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Old   December 22, 2012, 09:45
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Carrying on with the brute force and ignorance approach...

Using the method shown further up the thread I set up to create results on 11 CoR's 100mm apart on a straight line on the XZ plane, this covered the 1m where I guessed the CoP was somewhere within.

Plotting out the results as shown below where the line crosses the X axis torque is 0, therefore that's the CoP in the X direction.
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Old   December 22, 2012, 17:27
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I'm 99% sure the moments are due to the vortexes shed by the wheel, which oscillate and why I don't get 100% convergence. Eliminating the wheel moments / atleast in x and z axes (which seems reasonable) and having y as non-zero, I can get two equations in the form of x and z, and use simple simultaneous equations to solve, however it's dependant on the CofR I pick.

That said your latest method makes the most sense of all methods I've tried, because centre of pressure will be where the moments are zero, so plotting My/Mx/Mz from several CofR's should give you the location. Genius!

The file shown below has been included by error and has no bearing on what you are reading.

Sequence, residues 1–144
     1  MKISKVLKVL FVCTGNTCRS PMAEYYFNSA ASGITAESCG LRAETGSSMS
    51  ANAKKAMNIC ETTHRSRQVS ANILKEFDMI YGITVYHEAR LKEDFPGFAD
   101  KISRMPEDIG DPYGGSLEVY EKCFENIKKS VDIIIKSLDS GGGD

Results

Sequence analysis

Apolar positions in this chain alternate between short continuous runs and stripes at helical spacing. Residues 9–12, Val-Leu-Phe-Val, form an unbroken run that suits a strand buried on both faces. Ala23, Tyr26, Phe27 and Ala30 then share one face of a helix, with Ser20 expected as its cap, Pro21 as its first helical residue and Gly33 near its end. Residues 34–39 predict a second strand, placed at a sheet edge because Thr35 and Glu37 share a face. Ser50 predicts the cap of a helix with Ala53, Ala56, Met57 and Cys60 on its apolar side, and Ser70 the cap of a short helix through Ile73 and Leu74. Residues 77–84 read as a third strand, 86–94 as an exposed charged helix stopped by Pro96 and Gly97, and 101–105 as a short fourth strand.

Always looking for something more complex than it should be

Edit - had a think, but that's till dependant on the CofR because that will give you the position of zero torque at 0 height, which means CP would occur at more than one position, and you'd need to do a lot of iterative solutions before finding it?

Last edited by GPan1; December 23, 2012 at 13:25.
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Old   December 26, 2012, 20:46
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Yeah, you are right my last effort will give the zero torque point at the elevation stated.

more thought required
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Old   January 2, 2013, 04:11
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So now I believe that finding the CoP using the data on forces.dat on its own is not possible.
Regardless of the number of files produced for different CoR's.

I think the most that can be proven is that there will be a line upon which the CoP lies.

I'm pretty certain the method that needs to be followed is as julien.decharentenay describes in post 2 of this thread.
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Old   February 12, 2013, 10:45
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following the link below you will find a paper called "Forces and moments in CFD analysis" and written by Zdeněk Říha.

Comments about this paper are welcome.

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